TV host James Corden has recently said that he would be “happy to assist” in the investigation of the mysterious druidic temple in his backyard since returning it home to Jersey is not viable.
Corden’s estate, nestled in the picturesque countryside, became the unexpected site for this remarkable find. The stone circle, which is held to be a burial chamber or religious shrine, consists of a covered passage leading to a chamber with no roof and a number of small coffin-like boxes around its edges.
In 1788, The monument was removed from St Helier and gifted to Field Marshal Henry Seymour Conway, the owner of the Berkshire estate at the time.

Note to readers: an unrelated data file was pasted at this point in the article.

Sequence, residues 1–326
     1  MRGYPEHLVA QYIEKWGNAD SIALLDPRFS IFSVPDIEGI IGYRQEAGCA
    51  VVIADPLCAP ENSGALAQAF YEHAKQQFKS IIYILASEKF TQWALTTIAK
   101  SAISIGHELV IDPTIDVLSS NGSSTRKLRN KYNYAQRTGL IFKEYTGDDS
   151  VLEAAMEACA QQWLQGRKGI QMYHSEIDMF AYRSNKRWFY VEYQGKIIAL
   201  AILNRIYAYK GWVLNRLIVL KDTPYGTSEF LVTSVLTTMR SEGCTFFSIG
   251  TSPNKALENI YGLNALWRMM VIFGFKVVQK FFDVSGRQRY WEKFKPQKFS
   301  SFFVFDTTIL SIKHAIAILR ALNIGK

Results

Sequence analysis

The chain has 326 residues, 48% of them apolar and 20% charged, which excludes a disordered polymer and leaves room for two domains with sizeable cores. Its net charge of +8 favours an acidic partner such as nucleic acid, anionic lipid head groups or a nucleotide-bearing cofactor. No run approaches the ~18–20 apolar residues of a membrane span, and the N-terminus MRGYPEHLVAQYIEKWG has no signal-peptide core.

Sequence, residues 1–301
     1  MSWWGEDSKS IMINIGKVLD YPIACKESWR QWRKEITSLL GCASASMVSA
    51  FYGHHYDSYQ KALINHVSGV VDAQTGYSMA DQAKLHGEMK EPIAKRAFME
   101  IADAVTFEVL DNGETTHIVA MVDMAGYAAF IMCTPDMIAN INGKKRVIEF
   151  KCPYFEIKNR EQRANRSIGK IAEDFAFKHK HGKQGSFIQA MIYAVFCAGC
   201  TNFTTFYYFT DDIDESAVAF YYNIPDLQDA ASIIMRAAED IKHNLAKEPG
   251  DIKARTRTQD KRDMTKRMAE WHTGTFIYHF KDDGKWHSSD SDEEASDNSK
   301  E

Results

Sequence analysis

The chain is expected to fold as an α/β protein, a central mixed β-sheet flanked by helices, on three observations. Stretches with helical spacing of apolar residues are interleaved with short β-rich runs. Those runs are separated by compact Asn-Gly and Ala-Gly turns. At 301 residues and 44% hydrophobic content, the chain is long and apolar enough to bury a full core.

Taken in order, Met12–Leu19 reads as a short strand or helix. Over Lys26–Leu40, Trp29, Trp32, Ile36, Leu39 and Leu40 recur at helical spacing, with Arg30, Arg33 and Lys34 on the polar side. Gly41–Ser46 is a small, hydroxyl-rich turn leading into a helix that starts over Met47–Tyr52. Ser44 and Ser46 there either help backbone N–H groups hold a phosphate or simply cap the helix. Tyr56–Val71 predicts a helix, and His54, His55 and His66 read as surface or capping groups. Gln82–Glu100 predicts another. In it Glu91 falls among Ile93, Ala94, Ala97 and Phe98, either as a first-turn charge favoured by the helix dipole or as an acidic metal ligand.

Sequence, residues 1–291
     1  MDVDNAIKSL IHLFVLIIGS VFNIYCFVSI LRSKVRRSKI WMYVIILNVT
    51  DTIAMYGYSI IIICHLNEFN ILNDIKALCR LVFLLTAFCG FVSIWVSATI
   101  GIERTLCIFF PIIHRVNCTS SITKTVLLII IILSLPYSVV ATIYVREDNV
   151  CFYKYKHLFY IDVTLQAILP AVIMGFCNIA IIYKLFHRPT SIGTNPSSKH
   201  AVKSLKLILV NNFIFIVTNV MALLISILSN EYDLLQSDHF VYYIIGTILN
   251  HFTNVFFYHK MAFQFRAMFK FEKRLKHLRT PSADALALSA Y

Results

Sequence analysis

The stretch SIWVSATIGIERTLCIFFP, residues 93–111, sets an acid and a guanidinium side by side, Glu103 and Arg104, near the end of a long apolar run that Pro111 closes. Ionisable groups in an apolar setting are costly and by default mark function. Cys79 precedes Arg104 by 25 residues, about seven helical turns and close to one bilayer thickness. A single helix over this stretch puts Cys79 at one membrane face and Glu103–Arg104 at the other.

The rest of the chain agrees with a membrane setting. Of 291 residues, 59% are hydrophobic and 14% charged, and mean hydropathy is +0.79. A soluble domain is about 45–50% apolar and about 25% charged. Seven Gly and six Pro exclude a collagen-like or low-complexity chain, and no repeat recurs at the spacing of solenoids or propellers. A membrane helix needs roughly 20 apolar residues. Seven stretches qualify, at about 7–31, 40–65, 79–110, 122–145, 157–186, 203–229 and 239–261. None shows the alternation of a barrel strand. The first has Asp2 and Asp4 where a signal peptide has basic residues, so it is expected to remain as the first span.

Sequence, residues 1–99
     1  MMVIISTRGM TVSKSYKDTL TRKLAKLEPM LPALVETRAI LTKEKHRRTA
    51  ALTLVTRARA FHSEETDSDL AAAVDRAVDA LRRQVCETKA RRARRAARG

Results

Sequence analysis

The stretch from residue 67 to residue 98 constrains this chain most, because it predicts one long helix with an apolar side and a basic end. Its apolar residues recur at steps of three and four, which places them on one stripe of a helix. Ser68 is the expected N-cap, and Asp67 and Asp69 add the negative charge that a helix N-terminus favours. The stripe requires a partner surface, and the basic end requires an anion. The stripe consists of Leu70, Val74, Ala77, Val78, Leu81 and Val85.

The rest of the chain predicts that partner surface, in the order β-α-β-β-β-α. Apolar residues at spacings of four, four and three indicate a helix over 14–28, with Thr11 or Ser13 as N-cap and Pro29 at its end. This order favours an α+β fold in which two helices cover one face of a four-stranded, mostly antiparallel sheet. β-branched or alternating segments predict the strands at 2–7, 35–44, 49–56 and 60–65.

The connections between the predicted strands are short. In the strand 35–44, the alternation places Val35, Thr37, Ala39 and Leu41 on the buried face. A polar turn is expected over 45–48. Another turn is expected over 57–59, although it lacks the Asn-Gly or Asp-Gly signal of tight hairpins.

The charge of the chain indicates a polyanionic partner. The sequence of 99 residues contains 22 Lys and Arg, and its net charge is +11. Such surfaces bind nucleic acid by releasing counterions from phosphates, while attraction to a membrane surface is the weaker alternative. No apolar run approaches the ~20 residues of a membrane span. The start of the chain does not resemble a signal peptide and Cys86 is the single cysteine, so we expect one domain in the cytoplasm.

Politicians called for the ancient stones to be returned to Jersey. However, it is now evident that that is not a viable option for the ancient dolmen.
Curator of Archaeology, Olga Finch at Jersey Heritage said, “In principle, we would, of course, support the return of the Mont de la Ville dolmen – an important piece of Jersey’s ancient history – to the Island.”
“The stones are Grade II Listed and the protection afforded to them by UK heritage bodies and legislation means that it is unlikely that permission would be granted to have them moved.”
Although Corden doesn’t really have a say in the matter, his representatives have said that they would be happy to assist the researchers in their work and wouldn’t be against returning the stones to Jersey.